|CHANDLER (director: Paul Magwood; screenwriter: John Sacret Young/based on the story by Paul Magwood; cinematographer: Alan Stensvold; editors: William B. Gulick/Richard Harris; music: George Romanis; cast: Warren Oates (Chandler), Leslie Caron (Katherine Creighton), Alex Dreier (Ross J. Carmady), Mitchell Ryan (Charles 'Chuck' Kincaid), Gordon Pinsent (John Melchior), Charles McGraw (Bernie Oakman), Richard Loo (Leo), Walter Burke (Zeno), Marianne McAndrew (Angel Carter), Scatman Crothers (Smoke), Lal Baum (Waxwell), Charles Shull (Binder Ransin); Runtime: 88; MPAA Rating: PG; producer: Michael S. Laughlin; Warner Archive (MGM); 1971)|
|"A below average pulp thriller."
by Dennis Schwartz
below average pulp thriller directed by the
inexperienced Paul Magwood. It's based on a story he
wrote. John Sacret Young writes
the convoluted script. It wants to be Chandler as in
Raymond, but because everything about is so lacking
it's more like Chandler as in crap.
aging LA night-time security guard Chandler (Warren
Oates), a former private eye, quits in the middle of
his shift. The next day he's hired by the
untrustworthy government agent Bernie Oakman (Charles
McGraw) to secretly protect the French artist
Katherine Creighton (Leslie Caron), a material witness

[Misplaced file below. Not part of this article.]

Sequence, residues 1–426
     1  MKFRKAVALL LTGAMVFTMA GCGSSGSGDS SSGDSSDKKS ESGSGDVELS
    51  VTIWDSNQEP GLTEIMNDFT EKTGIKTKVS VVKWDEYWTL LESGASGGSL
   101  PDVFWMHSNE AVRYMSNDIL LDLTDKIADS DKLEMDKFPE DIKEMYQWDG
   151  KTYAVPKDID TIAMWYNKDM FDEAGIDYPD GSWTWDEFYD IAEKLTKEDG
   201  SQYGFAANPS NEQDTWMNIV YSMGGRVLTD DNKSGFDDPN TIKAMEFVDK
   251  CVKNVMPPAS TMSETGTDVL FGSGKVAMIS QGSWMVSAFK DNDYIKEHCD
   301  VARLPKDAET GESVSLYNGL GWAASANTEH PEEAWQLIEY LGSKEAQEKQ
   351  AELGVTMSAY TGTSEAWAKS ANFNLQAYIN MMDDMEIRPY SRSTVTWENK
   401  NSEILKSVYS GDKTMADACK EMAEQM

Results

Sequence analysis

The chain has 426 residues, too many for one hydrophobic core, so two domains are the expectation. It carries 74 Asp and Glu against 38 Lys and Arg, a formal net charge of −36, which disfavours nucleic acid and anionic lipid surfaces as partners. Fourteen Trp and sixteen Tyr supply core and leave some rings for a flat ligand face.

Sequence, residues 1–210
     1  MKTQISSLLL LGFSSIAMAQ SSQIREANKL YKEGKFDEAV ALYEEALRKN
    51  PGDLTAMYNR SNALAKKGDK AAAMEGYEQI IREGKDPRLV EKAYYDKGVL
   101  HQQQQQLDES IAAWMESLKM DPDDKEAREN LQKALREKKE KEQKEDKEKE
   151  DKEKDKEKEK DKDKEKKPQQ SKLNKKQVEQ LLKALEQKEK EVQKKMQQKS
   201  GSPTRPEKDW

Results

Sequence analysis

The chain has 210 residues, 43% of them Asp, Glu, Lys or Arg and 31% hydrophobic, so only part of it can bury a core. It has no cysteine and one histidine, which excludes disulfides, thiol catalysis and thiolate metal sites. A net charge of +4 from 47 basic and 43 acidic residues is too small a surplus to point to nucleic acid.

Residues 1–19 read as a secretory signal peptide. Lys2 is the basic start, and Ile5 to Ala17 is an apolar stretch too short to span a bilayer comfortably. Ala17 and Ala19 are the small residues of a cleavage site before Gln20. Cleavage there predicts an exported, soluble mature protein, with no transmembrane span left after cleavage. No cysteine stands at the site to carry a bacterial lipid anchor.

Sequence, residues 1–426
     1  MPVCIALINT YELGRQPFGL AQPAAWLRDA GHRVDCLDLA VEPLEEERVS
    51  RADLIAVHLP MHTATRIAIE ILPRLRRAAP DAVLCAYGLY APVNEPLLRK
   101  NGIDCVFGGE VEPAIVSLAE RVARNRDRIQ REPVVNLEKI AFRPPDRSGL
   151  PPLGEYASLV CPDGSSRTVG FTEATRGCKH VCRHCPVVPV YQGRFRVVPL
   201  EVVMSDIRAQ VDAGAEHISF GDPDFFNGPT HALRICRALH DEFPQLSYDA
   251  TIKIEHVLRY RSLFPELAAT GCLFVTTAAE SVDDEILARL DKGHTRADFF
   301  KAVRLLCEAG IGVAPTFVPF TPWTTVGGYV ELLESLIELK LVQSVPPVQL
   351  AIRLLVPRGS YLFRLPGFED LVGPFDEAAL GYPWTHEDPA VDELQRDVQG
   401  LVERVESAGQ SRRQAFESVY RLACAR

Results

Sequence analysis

for the government and the former mistress of the
racketeer John Melchior (Gordon Pinsent).
Bernie, planning to use his old pal as a decoy, tells
him the lie that John wants to silence her because she
knows too much. When Waxwell (Lal Baum),
a thug who works for John, kidnaps her, planning to
bring her back to John because he still loves her and
has no desire to harm her, we learn the government
story is a fabrication. Their plan is to kill John and
not her. In any event, she's rescued by the smitten
Chandler. Katherine then takes the train to Monterey,
California. When the awkward plot thickens, Bernie's
boss, Carmady (Alex Dreier), is around
to make sure his gangster buddy Chuck Kincaid (Mitchell
Ryan) will eliminate John so he can take his
place as a double-agent to work with Carmady. The
plans of the government agents are somewhat upset by
the noble hearted Chandler's daring acts of courage.
reason Caron was slumming in this pic is because her
hubby, Michael S. Laughlin, was the
producer. Magwood says the pic turned out so confusing
because MGM's interfering head James Aubrey re-edited
the film without permission and ruined what could have
been a good homage film to pulp writer Chandler. The
pic bombed at the box office and with the critics.
REVIEWED ON 8/25/2015 GRADE: C
Dennis Schwartz: "Ozus' World Movie Reviews"
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